by Justice Gua
When we look at progress in decentralisation in Papua New Guinea over the last 20 years – the sole continuous and overriding policy priority of successive governments – many challenges remain to improve downstream service delivery. Programming for “social accountability” shifts the focus from governmentto governance. It’s about the difficult stuff, even it’s often referred to as the soft stuff – relationships, trust and legitimacy.
Australian development assistance in PNG is designed to get behind leaders and civil society organisations to enable local voices to be heard. In the program on which I have been working, the Decentralisation and Citizen Participation Program (DCPP), this has meant we have had to find new approaches that privilege PNG ways of working as well as – and sometimes instead of – Australian ways of working. This has found expression in a number of projects – for example, The Voice Inc., a youth-led organisation with a “coalitions for change” approach, the recently funded Tearfund social accountability project, focusing on leadership within the Church Partnership Program, and the WASH social accountability project, in association with UNICEF.
The key to the success of such programs is the range of mechanisms that citizens use to hold political representatives, public officials and service providers to account. DCPP supports social accountability through initiatives such as the Church Partnership Program and the Media for Development Initiative. The latter project supports media partners to provide a platform for giving voice and agency to women, youth and people living with disabilities. The Building Resilience in Treaty Villages program introduced Community Rangers to support ward-level participatory planning and development in order better to advocate for the needs of their communities. The program has recently been expanded to 40 wards in South Fly district. A number of programs aimed at young people use the “sports for development” initiative to enhance confidence and life skills. Another recent success was the Phones Against Corruption program, which demonstrated success in reporting and prosecuting corruption within the Department of Finance.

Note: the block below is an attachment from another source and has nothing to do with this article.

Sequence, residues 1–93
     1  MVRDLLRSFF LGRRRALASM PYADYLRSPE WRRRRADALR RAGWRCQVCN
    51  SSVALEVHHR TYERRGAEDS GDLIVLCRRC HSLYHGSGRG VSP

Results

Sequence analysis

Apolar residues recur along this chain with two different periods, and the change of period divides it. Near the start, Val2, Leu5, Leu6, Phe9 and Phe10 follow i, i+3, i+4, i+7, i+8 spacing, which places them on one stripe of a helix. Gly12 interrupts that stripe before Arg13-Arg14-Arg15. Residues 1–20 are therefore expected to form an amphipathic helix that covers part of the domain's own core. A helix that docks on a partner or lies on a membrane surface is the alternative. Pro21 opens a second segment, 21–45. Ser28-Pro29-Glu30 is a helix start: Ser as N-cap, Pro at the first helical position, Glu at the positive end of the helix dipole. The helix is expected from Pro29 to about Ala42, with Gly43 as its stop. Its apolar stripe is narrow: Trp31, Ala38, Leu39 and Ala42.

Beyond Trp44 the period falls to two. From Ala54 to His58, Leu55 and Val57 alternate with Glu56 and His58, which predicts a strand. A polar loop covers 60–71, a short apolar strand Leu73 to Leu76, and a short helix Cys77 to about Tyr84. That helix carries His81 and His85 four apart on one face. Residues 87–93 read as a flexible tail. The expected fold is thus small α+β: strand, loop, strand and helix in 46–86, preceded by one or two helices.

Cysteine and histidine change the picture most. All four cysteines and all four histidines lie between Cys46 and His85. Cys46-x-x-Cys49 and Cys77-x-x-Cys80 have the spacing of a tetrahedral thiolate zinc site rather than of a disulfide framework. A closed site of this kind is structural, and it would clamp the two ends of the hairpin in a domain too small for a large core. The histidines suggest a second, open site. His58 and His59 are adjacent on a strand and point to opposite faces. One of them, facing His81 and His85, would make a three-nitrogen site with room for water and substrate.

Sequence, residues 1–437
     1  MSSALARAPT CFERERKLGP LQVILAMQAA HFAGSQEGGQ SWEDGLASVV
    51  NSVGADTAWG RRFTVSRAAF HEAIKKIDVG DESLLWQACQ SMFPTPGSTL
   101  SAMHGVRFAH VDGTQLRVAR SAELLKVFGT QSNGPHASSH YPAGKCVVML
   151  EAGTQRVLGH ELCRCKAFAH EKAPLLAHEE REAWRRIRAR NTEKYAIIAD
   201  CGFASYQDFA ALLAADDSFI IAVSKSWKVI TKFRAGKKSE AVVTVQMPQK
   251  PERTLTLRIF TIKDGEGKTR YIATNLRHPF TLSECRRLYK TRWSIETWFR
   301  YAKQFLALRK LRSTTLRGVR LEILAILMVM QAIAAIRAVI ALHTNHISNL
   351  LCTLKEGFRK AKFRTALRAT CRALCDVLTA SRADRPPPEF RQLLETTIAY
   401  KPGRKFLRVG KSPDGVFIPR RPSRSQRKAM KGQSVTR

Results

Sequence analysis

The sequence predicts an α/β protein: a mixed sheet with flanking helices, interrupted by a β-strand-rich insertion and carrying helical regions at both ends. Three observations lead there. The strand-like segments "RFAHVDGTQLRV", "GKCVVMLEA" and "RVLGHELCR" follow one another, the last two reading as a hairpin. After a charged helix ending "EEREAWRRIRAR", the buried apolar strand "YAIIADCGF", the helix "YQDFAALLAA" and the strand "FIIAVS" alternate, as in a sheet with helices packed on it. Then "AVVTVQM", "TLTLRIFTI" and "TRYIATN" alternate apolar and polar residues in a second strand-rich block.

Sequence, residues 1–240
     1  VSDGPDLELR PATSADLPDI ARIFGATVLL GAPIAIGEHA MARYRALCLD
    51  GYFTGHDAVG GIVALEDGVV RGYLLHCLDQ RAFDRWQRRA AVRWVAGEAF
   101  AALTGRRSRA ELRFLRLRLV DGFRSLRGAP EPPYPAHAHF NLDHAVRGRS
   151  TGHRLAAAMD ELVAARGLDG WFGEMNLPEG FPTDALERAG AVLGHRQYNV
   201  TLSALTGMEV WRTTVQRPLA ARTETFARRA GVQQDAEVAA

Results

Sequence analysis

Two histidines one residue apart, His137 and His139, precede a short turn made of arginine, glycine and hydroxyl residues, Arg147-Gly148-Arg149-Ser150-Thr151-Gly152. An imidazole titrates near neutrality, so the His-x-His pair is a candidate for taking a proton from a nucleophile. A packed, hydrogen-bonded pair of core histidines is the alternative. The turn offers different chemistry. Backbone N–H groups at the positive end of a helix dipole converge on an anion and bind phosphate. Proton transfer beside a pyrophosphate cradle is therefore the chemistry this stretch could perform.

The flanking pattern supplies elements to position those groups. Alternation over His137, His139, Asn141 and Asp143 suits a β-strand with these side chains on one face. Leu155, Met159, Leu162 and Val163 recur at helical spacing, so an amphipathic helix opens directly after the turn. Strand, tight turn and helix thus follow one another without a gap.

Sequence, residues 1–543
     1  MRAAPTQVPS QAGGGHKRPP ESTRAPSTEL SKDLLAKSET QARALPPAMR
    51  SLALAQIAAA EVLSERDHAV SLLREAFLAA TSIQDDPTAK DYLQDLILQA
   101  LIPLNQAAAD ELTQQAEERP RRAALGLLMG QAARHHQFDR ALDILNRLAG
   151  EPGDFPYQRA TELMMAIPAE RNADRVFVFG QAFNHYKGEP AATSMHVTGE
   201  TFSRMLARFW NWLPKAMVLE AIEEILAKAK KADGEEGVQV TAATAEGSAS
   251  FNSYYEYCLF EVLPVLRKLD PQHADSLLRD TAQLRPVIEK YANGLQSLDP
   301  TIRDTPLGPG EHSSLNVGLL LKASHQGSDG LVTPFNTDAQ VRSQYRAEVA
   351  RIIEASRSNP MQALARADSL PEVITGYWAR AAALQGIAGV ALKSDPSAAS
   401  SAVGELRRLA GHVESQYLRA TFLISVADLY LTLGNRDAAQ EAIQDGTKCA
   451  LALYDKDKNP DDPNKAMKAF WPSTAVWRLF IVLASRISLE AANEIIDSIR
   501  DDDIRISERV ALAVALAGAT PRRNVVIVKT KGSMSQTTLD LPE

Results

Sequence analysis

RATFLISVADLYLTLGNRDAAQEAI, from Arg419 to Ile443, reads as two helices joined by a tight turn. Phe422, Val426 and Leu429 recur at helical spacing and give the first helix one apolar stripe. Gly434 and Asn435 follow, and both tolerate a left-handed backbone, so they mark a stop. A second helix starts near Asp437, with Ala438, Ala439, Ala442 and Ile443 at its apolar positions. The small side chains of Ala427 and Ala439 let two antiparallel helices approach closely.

What could the next phase of Australia’s investment in social accountability look like? Where can we take modest success stories and expand them?
New initiatives will need to ensure appropriate government service-delivery partners and align with community preferences. It will be critical that political leadership support any new overall “accountability” program. It must ensure it is placed in the appropriate national-level agency for ownership, coordination and facilitation of implementation from top down and, importantly, bottom up with key stakeholders. A clear platform for citizen engagement and participation will help ensure that relationships, trust and legitimacy (formal and informal) do actually deepen the citizen-state social contract.
There are examples beyond PNG that provide useful guides. The Abt-managed KOMPAK (Indonesia Governance for Growth) program, village collaborative monitoring is one of the social accountability instruments bringing improvements in health and education services. KOMPAK, together with the Asia Foundation, implemented the program in 2017–18 in 30 villages, 12 districts and five provinces.
Digital solutions also strengthen civil society’s ability to collaborate and monitor government actions, particularly in this age of social distancing. Integrity Action share some examples of how citizens are using digital tools and online collaborations to hold duty bearers accountable during the Covid-19 pandemic.
There are opportunities for the next phase of Australia’s investment to focus on investments in building public demand for accountability and transparency through better civil society, private sector and citizen engagement, more active backing of civil society organisations and media, and investing in institutions to collect data, analyse public policy alternatives and disseminate information on issues.
It is the way we approach these investments that will matter: interventions need to break down barriers and create an environment for excluded populations to participate meaningfully. They also need constructively to support government to be responsive to the demands of citizens and not undermine existing patterns of legitimacy and exacerbate the citizen-state divide. Successful outcomes should be celebrated, no matter how small, in order to reinforce the value of collective action, to build trust and legitimacy and to promote further participation.
Papua New Guineans will increasingly demand good governance and improved services when they have reasonable expectations of a positive outcome.
This article first appeared on The Interpreter, published by the Lowy Institute.